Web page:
What is Environmental Health?

The environment is what is all around us: it consists of the foods, drugs, natural products, and chemicals that we eat, touch and breathe in everyday life.  There is mounting evidence that environmental factors contribute substantially to many childhood diseases.  The ways in which the environment affects diseases and health conditions can differ from child to child depending on age and developmental stage, geographic location, nutritional status, socioeconomic status and genetics.

In practice, environmental health focuses on the effects of environmental agents that fall into three main categories:

    Pollutants and chemicals such as lead, mercury, and ozone
    Useful commercial products that enter our environment and may have health implications, such as
    pesticides and herbicides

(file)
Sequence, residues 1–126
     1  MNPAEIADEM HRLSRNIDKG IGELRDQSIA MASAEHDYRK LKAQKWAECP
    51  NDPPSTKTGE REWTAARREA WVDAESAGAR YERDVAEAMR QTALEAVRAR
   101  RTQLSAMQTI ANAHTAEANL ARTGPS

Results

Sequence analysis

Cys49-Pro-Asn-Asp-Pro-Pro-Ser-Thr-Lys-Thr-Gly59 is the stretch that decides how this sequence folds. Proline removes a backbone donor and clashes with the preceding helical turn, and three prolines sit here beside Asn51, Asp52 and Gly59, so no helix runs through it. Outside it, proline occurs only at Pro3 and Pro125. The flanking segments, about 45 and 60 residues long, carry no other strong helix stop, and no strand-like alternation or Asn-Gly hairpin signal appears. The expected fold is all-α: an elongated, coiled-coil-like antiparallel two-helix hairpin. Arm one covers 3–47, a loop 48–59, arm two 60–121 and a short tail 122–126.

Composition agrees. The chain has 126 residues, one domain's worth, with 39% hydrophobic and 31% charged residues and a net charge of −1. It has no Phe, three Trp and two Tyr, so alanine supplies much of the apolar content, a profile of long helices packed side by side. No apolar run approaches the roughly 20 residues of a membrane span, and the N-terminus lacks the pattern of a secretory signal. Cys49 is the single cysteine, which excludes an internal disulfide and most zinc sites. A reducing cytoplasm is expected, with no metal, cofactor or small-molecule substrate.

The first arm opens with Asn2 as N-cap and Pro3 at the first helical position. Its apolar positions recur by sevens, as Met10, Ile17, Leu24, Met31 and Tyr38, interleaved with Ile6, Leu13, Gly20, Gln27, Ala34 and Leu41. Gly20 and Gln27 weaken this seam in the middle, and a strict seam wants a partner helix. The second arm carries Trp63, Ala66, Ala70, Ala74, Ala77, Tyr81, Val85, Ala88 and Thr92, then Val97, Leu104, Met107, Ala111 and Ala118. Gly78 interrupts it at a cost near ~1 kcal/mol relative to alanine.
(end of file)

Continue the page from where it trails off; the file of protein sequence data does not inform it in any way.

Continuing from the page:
Natural toxins that are part of our everyday life, such as toxins produced by molds, bacteria, and certain
    fish and shellfish.

Pediatricians in many countries are faced with concerns about the ways in which environmental contamination affects children.  Consider, for example, the melamine contamination of infant formula in China in 2008 or the epidemic of aflatoxicosis in Kenya in 2005.  Pediatricians may not have the time, however, to pursue extra training in environmental health.  Few medical schools or pediatric residency programs offer much preparation for doctors about environmental hazards.  This leaves most pediatricians with the task of learning the very complex and ever-changing field of environmental health on their own.  To assist in this endeavor, the International Pediatric Association and the World Health Organization have developed a curriculum for use in training pediatricians and others who care for children.